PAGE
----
A U.S. Army contracting official pleaded guilty today to bribery and unlawful salary supplementation in connection with two schemes to solicit more than $17,000 in bribes and other payments from an Egyptian businessman in Kuwait, announced Assistant Attorney General Lanny A. Breuer of the Criminal Division and U.S. Attorney Neil H. MacBride of the Eastern District of Virginia.
William Rondell Collins, 46, of Bartlett, Tenn., pleaded guilty today before Judge Liam O’Grady in U.S. District Court in Virginia to one count of bribery and one count of salary supplementation. Collins was originally charged in an indictment filed on Feb. 18, 2010. Collins’ sentencing is set for July 16, 2010.
According to court documents, Collins was employed by the U.S. Army Area Support Group-Kuwait (ASG-KU). ASG-KU is responsible for maintaining Camp Arifjan, a U.S. military installation providing support for operations in Afghanistan, Iraq and other locations in the Southwest Asian Theater. As part of those responsibilities, ASG-KU maintains an off-post housing office, located in downtown Kuwait City, which procures, leases and supervises off-post housing for government employees and military service members stationed at Camp Arifjan. According to court records, Collins worked in ASG-KU’s off-post housing office as a housing specialist responsible for supervising private contractors and procuring off-post apartment rentals.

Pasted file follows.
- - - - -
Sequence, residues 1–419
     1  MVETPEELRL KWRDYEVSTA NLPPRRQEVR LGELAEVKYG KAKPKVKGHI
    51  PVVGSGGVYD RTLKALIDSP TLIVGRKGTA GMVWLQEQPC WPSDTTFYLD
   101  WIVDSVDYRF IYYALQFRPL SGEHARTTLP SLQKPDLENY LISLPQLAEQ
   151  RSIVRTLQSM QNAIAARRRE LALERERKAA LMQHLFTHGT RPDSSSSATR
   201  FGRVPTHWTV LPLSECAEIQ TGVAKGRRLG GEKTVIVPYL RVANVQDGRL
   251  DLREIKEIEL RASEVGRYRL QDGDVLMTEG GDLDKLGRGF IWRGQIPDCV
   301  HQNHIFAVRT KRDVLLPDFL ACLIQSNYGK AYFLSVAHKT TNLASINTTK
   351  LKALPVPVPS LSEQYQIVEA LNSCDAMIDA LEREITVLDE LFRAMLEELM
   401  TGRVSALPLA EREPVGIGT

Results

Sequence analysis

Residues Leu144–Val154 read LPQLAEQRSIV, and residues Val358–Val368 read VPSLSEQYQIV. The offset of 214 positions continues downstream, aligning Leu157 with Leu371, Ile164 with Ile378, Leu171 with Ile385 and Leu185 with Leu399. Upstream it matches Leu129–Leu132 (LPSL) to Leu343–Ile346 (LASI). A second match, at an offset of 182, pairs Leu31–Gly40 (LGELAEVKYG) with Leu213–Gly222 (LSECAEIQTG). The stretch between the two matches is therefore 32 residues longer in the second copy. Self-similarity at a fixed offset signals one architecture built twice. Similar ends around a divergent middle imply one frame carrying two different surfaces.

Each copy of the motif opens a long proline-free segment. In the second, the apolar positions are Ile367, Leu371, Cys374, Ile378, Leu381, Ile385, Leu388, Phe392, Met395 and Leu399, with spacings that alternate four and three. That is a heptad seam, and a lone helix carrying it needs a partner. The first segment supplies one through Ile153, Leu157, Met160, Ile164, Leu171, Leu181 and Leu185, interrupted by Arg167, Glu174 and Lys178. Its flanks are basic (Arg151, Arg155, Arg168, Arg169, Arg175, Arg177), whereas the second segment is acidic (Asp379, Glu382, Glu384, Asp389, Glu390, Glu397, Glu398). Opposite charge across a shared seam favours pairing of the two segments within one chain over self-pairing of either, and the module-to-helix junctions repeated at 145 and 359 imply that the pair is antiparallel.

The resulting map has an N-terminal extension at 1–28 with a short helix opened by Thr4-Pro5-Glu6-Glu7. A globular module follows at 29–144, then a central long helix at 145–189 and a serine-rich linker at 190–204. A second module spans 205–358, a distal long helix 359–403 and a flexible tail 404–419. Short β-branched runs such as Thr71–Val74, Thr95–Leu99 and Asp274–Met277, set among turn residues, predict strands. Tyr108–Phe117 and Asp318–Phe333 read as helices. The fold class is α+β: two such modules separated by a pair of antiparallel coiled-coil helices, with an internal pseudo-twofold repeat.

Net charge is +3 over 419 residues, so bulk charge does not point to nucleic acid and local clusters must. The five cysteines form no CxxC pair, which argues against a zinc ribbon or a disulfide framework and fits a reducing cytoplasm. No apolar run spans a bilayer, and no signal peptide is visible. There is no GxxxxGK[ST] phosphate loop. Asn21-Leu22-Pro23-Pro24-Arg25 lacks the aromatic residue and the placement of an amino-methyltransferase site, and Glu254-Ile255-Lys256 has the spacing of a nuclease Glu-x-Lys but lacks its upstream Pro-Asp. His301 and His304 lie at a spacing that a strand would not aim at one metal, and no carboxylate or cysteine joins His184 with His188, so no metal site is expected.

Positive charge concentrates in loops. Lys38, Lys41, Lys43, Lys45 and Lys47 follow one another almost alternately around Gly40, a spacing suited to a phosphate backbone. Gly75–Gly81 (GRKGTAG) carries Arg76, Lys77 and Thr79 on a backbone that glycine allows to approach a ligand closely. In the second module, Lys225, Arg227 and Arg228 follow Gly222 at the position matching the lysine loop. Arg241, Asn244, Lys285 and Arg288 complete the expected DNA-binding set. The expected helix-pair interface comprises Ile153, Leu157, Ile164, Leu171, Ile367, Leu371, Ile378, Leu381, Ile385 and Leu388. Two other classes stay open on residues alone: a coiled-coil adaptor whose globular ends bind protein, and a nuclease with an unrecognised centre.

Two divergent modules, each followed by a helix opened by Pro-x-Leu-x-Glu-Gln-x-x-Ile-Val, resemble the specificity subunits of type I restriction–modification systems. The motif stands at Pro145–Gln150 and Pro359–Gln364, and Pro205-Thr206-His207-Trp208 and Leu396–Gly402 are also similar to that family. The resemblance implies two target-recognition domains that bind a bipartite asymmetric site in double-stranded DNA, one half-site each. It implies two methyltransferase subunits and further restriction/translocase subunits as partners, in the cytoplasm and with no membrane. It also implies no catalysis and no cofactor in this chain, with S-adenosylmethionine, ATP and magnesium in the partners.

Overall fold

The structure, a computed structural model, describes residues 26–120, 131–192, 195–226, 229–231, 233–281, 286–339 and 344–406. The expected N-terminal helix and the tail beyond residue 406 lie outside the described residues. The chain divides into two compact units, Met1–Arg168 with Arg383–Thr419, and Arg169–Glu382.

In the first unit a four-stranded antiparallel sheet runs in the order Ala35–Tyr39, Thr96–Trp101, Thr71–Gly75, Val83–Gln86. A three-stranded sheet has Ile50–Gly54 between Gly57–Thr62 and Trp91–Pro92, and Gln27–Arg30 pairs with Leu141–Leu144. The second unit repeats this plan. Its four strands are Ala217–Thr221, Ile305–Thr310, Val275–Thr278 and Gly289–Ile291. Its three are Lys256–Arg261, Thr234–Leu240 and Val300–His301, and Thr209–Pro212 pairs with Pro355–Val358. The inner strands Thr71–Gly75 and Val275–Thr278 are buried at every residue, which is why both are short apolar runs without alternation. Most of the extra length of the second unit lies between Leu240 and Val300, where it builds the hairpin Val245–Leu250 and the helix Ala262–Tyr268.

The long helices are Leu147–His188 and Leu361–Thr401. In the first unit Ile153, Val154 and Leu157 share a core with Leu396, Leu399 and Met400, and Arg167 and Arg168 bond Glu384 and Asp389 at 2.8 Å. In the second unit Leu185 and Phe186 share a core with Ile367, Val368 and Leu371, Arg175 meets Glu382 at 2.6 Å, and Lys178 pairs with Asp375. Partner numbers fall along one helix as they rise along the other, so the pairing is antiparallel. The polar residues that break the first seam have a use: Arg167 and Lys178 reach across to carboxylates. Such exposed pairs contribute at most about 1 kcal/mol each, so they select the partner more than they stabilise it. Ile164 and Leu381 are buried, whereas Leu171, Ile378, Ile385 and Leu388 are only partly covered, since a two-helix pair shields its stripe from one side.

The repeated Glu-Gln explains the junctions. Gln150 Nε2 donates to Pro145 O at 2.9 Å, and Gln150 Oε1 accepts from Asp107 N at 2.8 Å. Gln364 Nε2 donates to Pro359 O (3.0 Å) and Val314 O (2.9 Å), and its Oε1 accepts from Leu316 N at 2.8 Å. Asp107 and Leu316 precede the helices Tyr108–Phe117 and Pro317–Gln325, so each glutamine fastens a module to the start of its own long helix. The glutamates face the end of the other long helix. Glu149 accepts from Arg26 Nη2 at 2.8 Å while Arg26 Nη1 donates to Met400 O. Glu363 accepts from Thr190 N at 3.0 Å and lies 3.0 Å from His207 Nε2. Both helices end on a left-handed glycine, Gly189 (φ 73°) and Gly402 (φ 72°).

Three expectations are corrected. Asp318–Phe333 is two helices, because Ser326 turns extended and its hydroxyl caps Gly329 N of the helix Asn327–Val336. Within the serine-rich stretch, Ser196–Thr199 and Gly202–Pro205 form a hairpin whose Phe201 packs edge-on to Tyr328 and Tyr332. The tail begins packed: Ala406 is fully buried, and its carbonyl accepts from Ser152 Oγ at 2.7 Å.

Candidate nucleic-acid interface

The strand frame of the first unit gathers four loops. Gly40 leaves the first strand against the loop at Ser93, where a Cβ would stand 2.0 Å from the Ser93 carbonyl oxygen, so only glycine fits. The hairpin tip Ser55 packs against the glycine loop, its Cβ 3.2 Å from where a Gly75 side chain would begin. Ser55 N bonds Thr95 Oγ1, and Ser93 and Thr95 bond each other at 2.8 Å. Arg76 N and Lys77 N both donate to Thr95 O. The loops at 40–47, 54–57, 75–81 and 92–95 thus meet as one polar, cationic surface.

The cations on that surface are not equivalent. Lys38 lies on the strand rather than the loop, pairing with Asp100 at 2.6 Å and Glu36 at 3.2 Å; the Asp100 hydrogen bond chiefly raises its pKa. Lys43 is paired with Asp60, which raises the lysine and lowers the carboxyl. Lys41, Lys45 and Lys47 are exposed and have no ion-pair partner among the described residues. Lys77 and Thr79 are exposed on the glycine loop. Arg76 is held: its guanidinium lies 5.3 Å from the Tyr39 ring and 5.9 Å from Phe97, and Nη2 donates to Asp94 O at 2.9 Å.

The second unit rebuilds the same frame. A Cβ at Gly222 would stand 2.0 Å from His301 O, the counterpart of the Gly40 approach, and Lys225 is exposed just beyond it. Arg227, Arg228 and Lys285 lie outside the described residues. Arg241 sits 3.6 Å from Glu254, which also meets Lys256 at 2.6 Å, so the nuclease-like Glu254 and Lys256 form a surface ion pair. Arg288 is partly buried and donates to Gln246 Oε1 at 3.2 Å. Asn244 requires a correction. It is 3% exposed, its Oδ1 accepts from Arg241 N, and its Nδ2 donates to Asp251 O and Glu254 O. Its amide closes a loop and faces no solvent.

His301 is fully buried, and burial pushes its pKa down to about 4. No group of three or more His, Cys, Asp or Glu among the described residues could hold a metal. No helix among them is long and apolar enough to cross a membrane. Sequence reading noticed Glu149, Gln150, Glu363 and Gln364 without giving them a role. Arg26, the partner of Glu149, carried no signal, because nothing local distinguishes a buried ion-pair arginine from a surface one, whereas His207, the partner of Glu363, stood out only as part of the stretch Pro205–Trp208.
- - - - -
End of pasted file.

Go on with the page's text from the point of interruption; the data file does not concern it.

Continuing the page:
In his guilty plea, Collins admitted that between July and December 2009 he solicited more than $11,000 in bribes from an Egyptian businessman in exchange for submitting an inflated off-post apartment lease for approval. Collins also admitted that between July and December 2009 he received at least $5,600 from the Egyptian businessman as compensation for Collins’s services in connection with a fixed-price U.S. government contract awarded to the Egyptian businessman’s company. The government contract was for maintenance services for off-post housing managed by Collins and the ASG-KU off-post housing office.
At sentencing, Collins faces a maximum penalty of 20 years in prison and a $500,000 fine.
The case is being prosecuted by Special Assistant U.S. Attorney Steve A. Linick, Deputy Chief of the Criminal Division’s Fraud Section, and Fraud Section Trial Attorneys James J. Graham and Ryan S. Faulconer. The investigation is being conducted by the Defense Criminal Investigative Service, the FBI, the U.S. Army Criminal Investigative Division, and members of the National Procurement Fraud Task Force (NPFTF) and the International Contract Corruption Task Force (ICCTF).
The NPFTF, created in October 2006 by the Department of Justice, was designed to promote the early detection, identification, prevention and prosecution of procurement fraud associated with the increase in government contracting activity for national security and other government programs. The ICCTF is a joint law enforcement agency task force that seeks to detect, investigate, and dismantle corruption and contract fraud resulting from U.S. Overseas Contingency Operations worldwide, including in Kuwait, Afghanistan and Iraq.